In the recent entry of the Journal of Ultrasound in Medicine, Dr. Ken Lee (MSK radiology), discusses how ultrasound of the tendon can add to your clinical work up of a patient with pain in that area. it is the most common sports-related injury and we see it in the emergency department all.the.time. In a prior post, we highlighted how Dr. Brita Zaia evaluated a patient with knee pain and tenderness who came to the ED for an arthrocentesis, showing the patellar tendon abnormality on her ultrasound image, making her diagnosis without the need of that invasive procedure (Published in WestJEM).
“Common tendon abnormalities include tendinopathy and tendon tears, which impose a substantial cost to society in the United States and abroad. According to the American Public Health Association, tendon disorders account for approximately $850 billion per year in health care costs and indirect lost wage expenditures.4 Accurate and timely diagnosis of musculoskeletal tendon injuries is critical to ensure proper treatment and thus minimize societal costs. Magnetic resonance imaging (MRI) has been the imaging standard for musculoskeletal injuries. However, MRI is costly and overused.5 Improvements in ultrasound technology have made sonography a rapidly growing imaging alternative and complementary tool to MRI for the diagnosis of common tendon injuries.6…..The most defining advantage of sonography over MRI is its real-time imaging capability, which allows for dynamic evaluation of the tendon using a variety of stress maneuvers.16,17 For example, in the neutral position, the long head of the biceps tendon may lie normally in the bicipital groove (Figure 3), only to dislocate medially once the arm, with elbow flexed, is externally rotated (Figure 4). In addition to tendon subluxation, other tendon abnormalities diagnosed dynamically include tendon snapping, friction between two structures such as in shoulder impingement,18 and increasing conspicuity of tendon tears while stressing the tendon or with sonopalpation.17 Real-time dynamic sonographic evaluation provides this unique diagnostic ability using controlled movements.”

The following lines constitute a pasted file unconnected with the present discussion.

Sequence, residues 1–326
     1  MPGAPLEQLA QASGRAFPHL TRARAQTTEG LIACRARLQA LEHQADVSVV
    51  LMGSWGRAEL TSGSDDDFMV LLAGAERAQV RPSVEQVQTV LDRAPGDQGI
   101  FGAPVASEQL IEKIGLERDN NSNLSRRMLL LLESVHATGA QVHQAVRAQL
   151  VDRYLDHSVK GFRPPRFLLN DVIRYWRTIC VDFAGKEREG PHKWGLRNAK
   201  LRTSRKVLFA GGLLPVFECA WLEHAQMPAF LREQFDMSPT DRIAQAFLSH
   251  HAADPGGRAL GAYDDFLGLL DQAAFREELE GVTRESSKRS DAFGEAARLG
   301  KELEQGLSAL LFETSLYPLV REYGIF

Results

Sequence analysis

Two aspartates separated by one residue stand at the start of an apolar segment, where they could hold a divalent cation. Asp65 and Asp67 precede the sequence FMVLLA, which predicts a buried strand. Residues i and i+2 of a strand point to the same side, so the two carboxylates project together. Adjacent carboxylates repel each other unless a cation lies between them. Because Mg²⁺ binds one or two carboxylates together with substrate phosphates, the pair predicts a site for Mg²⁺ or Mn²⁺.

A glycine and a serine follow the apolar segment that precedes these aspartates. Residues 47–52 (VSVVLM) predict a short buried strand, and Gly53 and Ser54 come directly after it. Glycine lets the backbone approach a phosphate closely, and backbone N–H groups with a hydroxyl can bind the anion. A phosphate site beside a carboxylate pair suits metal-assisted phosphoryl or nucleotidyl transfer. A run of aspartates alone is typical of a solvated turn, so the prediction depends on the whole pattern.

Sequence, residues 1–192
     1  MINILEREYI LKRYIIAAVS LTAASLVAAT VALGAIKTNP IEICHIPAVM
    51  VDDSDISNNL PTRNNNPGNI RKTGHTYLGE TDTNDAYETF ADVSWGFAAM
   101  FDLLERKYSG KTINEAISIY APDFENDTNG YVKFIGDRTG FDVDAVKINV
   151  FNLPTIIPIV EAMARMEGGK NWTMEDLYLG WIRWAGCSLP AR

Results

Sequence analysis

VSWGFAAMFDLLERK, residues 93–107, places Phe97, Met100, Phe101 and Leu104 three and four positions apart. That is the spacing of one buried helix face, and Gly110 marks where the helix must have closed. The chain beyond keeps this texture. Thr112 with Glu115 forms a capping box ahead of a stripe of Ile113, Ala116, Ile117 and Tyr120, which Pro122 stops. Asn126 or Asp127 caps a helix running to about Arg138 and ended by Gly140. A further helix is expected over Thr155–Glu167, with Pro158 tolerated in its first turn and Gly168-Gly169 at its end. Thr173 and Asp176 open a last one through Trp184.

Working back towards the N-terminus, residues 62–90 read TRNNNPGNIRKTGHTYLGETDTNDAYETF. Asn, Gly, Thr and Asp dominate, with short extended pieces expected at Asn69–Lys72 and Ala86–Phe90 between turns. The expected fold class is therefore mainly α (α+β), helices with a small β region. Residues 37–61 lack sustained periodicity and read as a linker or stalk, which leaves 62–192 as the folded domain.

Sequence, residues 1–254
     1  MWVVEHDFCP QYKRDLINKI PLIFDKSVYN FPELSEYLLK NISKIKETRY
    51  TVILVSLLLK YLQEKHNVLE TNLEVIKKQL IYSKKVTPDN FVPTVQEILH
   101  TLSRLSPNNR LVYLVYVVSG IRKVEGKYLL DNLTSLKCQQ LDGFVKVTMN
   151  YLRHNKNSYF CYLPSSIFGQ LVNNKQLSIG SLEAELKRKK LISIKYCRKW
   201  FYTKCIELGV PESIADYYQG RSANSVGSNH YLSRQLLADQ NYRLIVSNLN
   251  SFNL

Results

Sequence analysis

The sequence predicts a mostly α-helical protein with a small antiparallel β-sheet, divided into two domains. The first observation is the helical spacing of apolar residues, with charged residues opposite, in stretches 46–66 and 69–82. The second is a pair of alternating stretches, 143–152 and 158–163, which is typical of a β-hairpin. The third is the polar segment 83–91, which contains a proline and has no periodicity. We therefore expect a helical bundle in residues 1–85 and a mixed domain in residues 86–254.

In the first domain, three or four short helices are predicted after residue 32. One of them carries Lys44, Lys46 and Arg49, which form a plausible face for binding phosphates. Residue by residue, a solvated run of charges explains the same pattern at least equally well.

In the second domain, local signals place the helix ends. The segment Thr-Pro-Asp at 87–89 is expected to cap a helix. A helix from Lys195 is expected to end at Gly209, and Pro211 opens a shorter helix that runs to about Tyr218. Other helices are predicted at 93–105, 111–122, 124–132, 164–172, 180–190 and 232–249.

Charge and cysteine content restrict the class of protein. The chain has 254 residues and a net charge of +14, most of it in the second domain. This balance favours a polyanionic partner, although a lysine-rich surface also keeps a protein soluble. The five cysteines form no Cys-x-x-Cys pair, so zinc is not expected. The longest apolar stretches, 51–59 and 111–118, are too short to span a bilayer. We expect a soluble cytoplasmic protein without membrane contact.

Read more in this article to learn about what it means and what happens when the tendon goes from looking like this:
..to looking like this:
or like this….
with plenty more examples of it, illustrating how awesome it is and why we should use bedside ultrasound to evaluate tendons more.